Who would have thought, even a matter of weeks ago, that the issue of toll roads could become a potential political tipping point for members of the governing ANC-led alliance? Or that this issue — among so many confronting the country — could see even the South African Communist Party embroiled in bitter wrangling?
Yet so it is — and no more so than in the Western Cape where, for the first time ever, Cosatu and the ANC find themselves on the same side as the opposition Democratic Alliance (DA) in opposing the introduction of road tolls to Cape Town’s two main traffic arteries. Until now it has been almost an article of faith that anything the DA supported, the ANC, backed by Cosatu, opposed and vice-versa.
These attitudes, on both sides of the political divide, are fuelled by what often seems an obsessive conviction that the province and the city of Cape Town must either be won back at all costs from the DA or retained — at similar expense — by the DA. To win back the Western Cape for the ANC is a declared Cosatu priority. The DA, for its part, wishes to increase its electoral hold in the province and to expand its influence, if not control, to other provinces.
But out on the Cape Flats, sandwiched between the sweep of the False and Table bays, the geography of apartheid remains intact alongside the N1 and N2 highways. Here is the cluttered sprawl of the still largely segregated “coloured” and “black” townships with their attendant jumbles of shacks. For people in these areas, the major lifelines to work are the N1 and N2.
It is this reality, that the commuting poor will be the major sufferers should these roads be tolled, that has brought the ANC and Cosatu into the fray alongside the DA. For while the poor — commuting or otherwise — have no real say in these matters, they do have the right, every five years, to cast their ballots: they are the electoral fodder that feeds political ambition.
But to give them their due, both sides of this political divide oppose e-tolling in principle and agree with the tactic of opposing its implementation. However, the over-riding consideration for both is the strategic goal of gaining more votes for either the ANC or DA in the elections next year.
This is why the DA seized on the obvious divisions in the governing alliance to score political points as the 2014 election nears. The DA points out that an ANC government, backed by Cosatu, agreed to e-tolling; that the DA consistently opposed this, especially in the Western Cape. But then, so too, has Cosatu, along with the rest of the trade union movement, opposed e-tolling.
At least in public, union opposition is solid, with the labour federations having all formally supported a notice under section 77 of the Labour Relations Act regarding e-tolling. This section permits “protest action to promote or defend socio-economic interests of workers”.
Summing up the consensus union view, National Council of Trade Unions (Nactu) general secretary, Narious Moloto notes: “We need good, affordable public transport, and not just another tax on our people.” Nactu, along with Cosatu and the Federation of Unions of SA (Fedusa) has so far not backtracked on the question of e-tolling.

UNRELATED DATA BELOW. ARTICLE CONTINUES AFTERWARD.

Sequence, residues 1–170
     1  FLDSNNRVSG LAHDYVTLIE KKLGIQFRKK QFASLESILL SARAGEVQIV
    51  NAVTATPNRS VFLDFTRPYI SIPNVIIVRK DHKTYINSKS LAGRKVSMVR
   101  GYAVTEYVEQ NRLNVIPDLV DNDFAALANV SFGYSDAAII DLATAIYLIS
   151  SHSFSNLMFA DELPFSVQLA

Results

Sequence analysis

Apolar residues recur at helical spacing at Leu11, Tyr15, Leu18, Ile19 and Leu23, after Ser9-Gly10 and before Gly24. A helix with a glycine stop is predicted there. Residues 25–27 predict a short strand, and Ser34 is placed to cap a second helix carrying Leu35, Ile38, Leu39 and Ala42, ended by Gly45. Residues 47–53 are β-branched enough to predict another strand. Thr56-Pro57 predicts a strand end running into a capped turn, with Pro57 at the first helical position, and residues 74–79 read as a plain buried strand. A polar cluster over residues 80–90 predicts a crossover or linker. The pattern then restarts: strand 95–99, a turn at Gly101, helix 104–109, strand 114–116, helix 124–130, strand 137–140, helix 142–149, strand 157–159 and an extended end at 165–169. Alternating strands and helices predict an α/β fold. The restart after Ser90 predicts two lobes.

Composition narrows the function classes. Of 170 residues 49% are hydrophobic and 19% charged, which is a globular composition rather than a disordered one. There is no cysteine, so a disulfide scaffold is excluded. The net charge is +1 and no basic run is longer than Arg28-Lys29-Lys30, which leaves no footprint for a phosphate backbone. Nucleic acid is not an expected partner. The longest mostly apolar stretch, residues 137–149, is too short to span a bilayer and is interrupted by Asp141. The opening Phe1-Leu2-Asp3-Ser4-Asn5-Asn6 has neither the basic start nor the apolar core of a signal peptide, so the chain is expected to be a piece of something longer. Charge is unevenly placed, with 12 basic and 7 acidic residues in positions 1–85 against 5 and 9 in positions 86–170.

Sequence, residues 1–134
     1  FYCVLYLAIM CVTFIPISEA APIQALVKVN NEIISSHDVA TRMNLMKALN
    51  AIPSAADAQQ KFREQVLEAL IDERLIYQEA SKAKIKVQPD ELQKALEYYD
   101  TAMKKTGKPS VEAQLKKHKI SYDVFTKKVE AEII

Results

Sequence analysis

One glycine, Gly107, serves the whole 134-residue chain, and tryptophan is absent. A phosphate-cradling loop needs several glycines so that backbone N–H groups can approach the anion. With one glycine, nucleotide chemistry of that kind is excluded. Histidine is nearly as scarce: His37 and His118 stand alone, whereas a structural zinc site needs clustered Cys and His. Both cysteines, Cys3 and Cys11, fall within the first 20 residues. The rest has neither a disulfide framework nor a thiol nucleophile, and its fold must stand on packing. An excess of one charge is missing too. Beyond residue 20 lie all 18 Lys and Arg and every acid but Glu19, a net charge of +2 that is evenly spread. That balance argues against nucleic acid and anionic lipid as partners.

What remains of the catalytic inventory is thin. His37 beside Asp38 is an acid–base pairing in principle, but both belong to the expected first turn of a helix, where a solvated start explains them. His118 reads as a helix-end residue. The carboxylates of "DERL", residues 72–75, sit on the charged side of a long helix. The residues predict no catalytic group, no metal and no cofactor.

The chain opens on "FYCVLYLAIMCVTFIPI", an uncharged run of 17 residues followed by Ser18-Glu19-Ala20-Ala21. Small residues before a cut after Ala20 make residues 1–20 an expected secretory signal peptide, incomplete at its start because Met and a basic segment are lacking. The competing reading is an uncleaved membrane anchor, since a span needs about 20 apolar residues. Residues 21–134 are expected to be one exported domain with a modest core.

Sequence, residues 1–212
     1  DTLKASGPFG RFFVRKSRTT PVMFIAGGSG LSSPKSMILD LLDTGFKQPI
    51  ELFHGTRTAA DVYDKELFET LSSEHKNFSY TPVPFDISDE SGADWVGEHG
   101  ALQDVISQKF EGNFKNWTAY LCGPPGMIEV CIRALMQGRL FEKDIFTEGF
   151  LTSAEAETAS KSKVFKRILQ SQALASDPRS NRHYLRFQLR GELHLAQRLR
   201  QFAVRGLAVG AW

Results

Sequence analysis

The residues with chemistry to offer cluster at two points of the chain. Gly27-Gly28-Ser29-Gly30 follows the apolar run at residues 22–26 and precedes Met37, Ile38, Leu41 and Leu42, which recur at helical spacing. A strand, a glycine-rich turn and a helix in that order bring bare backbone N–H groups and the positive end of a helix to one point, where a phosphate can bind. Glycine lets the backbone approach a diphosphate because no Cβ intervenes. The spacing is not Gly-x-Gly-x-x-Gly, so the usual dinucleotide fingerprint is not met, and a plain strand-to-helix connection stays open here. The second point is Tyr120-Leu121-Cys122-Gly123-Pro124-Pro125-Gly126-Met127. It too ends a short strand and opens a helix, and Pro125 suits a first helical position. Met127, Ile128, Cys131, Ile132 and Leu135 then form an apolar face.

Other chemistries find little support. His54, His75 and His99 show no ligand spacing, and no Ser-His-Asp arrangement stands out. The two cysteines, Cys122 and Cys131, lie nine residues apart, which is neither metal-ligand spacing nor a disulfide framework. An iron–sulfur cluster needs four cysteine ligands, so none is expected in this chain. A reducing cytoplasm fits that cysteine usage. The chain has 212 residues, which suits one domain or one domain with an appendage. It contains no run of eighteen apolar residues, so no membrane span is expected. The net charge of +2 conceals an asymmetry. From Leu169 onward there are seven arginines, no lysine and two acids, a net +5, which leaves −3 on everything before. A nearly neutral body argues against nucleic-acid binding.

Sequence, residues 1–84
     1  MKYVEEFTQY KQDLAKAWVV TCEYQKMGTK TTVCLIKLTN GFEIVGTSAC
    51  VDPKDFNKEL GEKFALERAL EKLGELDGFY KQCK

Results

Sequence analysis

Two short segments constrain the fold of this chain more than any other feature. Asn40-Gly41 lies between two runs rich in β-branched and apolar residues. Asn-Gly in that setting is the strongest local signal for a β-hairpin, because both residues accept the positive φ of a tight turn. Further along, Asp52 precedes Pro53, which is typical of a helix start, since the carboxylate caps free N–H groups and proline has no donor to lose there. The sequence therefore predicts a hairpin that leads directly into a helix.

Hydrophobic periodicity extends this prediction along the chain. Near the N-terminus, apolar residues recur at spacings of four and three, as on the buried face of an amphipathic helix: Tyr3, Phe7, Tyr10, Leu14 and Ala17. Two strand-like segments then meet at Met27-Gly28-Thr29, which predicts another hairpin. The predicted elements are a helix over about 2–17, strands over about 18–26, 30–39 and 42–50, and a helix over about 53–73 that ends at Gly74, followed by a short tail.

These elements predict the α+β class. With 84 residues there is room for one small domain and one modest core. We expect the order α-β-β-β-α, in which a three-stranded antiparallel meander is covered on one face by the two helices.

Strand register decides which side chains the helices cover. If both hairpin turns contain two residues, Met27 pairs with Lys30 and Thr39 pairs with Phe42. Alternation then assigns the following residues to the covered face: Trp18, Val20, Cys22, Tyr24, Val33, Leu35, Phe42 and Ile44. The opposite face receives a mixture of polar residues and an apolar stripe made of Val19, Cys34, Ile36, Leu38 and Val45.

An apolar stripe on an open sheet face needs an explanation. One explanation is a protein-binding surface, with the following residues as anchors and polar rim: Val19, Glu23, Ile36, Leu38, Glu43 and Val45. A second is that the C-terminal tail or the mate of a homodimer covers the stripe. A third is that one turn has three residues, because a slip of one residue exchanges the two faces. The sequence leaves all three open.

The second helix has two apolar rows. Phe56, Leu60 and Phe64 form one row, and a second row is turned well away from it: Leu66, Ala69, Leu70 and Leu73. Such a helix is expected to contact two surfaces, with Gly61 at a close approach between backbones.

However, there are already signs that compromises are being sought and that some unions have considered that, despite their opposition, the e-tolling battle has been lost. “We can’t support it — that would be like asking turkeys to celebrate Christmas — but some of our unions think that it is a done deal and they don’t want to break the law,” says a Fedusa official.
And with e-tolling apparently going ahead despite massive opposition, further protests would almost certainly entail breaking the law. This could be a tipping point for the governing alliance, but only if Cosatu decides to continue resisting.
Which is why, within Cosatu and the ANC, some desperate behind-the-scenes talking is going on in the hope of finding a compromise that would halt protests, but that would probably not satisfy anyone. With elections looming, it is vital for the governing alliance that some deal be struck.
However, this might only apply to Gauteng where e-tolling is almost certainly a fait accompli. This is not the case in the Western Cape with its unlikely anti-tolling alliance.
But the over-riding factor in the N1, N2 battle remains partisan politics: in a drive to win friends and influence voters, the DA attacks its toll road allies; Cosatu responds in like fashion, pledging support for a Cosatu anti-tolling campaign that includes the DA, but “only on condition”.
The condition laid down by Cosatu regional secretary Tony Ehrenreich is extremely broad: the DA provincial government and the DA-controlled Cape Town metro council must “do more about redistributing services to the poor”.
All of this is complicated by the issue of buses. Cape Town is in the process of introducing a rapid transport — MyCiti — bus service based on that pioneered by the city of Curitiba in Brazil and on the same lines as the stalled Johannesburg system. This has come into conflict with Cape Town’s long-established and heavily subsidised Golden Arrow bus company where workers yesterday (subs: Thursday) came out on strike for higher pay.
However, Golden Arrow, currently taking the city of Cape Town to court on the question of compensation because of the MyCiti introduction, is owned by Hoskin Consolidated Investments. And HCI is headed by former Cosatu trade unionists John Copelyn and Marcel Golding. The bus company’s major shareholder is the investment company of the Cosatu-affiliated SA Clothing and Textile Workers’ Union.
In political terms, things don’t get much messier than this. But the strategic political battle will continue, with partisan interests trumping principle while the poor — in whose interests these battles are supposedly being waged — watch, on the sidelines, perhaps becoming increasingly disillusioned with both sides.